Your complete guide to dress shoe construction terms and footwear terminology
Talking about dress shoes – whether it’s what defines a certain style, what makes one shoe superior to another, or just an understanding of what’s on your feet – requires at least a fundamental knowledge of the construction of classic footwear.
So let’s break one down from the ground up – literally. We’ll walk you through each component – what it is and what it does – layer by layer, starting with the sole.
Outsole. Ok, more specific than the sole, which is actually made of a few layers itself, we’ll start with the outsole. When you turn your shoe over, the outsole is what you see. It’s the part that hits the ground running – literally. Classically made out of leather, you can also find options in rubber, crepe, and other synthetics. The shape of the outsole (or the entire sole) is called the last, which determines the profile of the entire shoe.
Heel Stack (or block). Part of the outsole, the heel stack is pretty self explanatory. In classic leather soled shoes, the heel is formed from extra layers of leather that lift the heel of the foot. With synthetic soles, this can be made from a block of rubber or other synthetic.
Footbed Filler. The layer in between the outsole and the insole is the footbed filler. It’s never seen, but is crucial to the feel of a shoe. Quality shoes have a cork filler that forms to the wearer’s foot over time creating a unique and personalized fit.
Shank. Most dress shoes also include a metal shank that lies between the outsole and insole directly forward of the heel. The shank gives structure and support to the arch of the foot.
Insole. The insole is the layer you see inside the shoe. It is almost always made of leather, although some more casual styles will use a textile layer. The insole covers all those pieces that lie directly above the outsole.
Welt. The welt is a strip of material and subsequent stitching that connects the outsole to the insole and seals in all of the other sole components. The welt can be constructed in a variety of ways, with the Goodyear Welt being arguably the most popular due to its durability and weatherproofing, but other stitches like the Blake welt offer a more streamlined appearance. Cheaper, mass-produced shoes are glued rather than stitched, which provides an arguably significantly lower level of quality.
Upper. The upper is another self-explanatory term, and refers to all of the combined components above the sole – basically, all of the following comprise the upper part of the shoe.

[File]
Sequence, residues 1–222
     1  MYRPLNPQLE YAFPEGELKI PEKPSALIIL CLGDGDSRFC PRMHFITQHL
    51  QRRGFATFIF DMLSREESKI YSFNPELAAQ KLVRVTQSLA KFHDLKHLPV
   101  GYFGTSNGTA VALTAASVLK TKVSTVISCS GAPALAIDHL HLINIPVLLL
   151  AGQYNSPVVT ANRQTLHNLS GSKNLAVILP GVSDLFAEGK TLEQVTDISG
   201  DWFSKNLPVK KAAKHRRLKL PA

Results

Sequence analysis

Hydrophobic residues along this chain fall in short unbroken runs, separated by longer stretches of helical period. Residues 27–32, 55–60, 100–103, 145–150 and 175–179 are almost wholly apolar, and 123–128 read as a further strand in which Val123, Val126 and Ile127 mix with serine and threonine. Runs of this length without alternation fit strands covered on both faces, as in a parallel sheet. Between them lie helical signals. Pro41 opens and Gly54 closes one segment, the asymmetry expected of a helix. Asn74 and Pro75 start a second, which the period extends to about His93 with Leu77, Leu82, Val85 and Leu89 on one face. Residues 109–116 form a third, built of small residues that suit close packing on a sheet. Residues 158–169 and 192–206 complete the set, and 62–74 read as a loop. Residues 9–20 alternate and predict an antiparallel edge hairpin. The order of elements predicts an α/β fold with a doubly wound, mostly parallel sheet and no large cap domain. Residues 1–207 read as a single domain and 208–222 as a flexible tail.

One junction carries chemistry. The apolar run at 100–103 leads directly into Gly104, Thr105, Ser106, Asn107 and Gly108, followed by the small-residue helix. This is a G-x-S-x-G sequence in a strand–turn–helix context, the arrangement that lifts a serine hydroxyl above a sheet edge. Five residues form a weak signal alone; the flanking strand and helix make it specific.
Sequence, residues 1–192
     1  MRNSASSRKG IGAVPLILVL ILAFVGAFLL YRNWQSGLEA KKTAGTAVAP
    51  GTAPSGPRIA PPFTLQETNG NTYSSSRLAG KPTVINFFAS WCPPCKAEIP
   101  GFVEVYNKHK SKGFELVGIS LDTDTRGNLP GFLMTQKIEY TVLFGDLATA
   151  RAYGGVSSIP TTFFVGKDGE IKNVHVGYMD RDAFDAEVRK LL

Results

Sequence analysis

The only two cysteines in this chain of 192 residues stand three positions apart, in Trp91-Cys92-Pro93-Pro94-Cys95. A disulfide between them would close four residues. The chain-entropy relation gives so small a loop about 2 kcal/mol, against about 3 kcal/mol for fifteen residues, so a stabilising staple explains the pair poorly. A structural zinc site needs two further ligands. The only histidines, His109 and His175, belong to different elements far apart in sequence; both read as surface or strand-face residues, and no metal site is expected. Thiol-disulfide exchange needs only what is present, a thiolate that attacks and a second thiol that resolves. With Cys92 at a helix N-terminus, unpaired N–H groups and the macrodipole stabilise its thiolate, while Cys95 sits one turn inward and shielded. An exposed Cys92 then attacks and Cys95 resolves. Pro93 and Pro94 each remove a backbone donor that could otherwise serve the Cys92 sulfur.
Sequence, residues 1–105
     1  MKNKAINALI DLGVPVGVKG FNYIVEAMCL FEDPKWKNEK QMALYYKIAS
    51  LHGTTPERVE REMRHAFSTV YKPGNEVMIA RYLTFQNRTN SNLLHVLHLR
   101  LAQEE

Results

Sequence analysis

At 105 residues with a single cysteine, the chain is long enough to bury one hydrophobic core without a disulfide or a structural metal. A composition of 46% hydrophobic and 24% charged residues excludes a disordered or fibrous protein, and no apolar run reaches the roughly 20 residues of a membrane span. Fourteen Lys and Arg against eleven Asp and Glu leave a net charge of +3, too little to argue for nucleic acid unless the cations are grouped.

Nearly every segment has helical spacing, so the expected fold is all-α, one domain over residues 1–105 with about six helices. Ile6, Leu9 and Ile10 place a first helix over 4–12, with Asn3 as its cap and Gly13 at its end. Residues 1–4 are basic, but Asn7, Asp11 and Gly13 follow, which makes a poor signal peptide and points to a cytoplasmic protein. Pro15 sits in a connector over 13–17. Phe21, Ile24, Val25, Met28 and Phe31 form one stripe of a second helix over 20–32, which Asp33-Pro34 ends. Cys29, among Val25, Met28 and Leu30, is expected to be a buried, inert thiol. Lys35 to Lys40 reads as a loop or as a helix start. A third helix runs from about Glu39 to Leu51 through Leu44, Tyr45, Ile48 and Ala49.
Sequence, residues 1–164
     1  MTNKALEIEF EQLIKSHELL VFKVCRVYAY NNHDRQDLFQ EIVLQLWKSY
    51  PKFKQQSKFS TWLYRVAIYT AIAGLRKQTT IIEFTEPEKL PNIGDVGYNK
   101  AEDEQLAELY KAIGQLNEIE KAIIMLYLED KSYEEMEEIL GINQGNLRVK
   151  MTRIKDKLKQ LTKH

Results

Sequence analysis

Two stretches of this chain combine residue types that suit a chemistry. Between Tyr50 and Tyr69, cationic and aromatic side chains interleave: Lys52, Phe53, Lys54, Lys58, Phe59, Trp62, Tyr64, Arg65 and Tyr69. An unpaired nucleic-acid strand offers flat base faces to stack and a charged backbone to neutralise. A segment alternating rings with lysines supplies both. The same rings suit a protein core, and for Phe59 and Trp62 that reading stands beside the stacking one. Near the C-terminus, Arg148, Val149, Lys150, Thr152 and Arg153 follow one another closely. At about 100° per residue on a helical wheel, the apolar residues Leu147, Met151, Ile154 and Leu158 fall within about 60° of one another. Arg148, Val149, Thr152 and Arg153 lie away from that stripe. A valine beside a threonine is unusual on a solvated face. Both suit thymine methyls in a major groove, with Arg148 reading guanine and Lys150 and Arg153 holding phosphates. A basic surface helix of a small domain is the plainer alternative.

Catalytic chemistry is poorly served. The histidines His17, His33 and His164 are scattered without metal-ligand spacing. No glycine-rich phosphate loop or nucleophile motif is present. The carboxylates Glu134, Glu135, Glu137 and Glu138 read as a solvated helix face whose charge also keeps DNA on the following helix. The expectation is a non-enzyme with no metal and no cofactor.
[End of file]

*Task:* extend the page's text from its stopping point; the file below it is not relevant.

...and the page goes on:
Quarters. The portion of the upper that starts at the laces and runs under the ankle bone and around the back of the heel. Quarters secured under the vamp are referred to as closed lacing, while quarters stitched over the vamp are open lacing, a distinction that differentiates oxfords and derbies.
Vamp. The portion of the upper that covers the instep, usually secured under the quarters and over the tongue. Additionally, the very top portion of the vamp that runs right below the lacing and quarters is referred to as the throat.
Toe Cap. Another optional component, not found on styles like whole-cut shoes, the toe cap is an additional layer of leather stitched over the toe that provides additional strength and durability as well as a decorative appeal. Sometimes this layer is found beneath the upper and out of sight, in which case it is referred to as a ‘puff.’
Backstay. A short strip of leather that runs up from the sole at the heel and connects the quarters of each side.
Saddle. A leather strip that runs over the instep, reaching down the sole on either side of the foot. Occasionally this piece is made from a contrasting color of leather or fabric.
Eyelets. The holes punched in the leather along the instep to allow the insertion of the laces.
Lining. The lining is a layer of leather stitching into the inside of a shoe, and is the piece that comes in direct contact with the wearer’s foot (or sock). Usually made of a softer, more pliable leather for comfort.
Foxing. Foxing is an optional component of trimming that runs around the ankle opening, usually found on brogues and wingtips.
That’s a heck of a lot of pieces, right? And we didn’t even hit every miniscule component. Sure, we got the big guys, but there’s actually quite a few more, from the rand (a part of the heel) to the heel counter (helps give shape to the heel), the list would just go on and on. Kind of makes a guy appreciate why a quality piece of footwear can cost well over $200, doesn’t it?
Thanks, as always, for reading.
He Spoke Style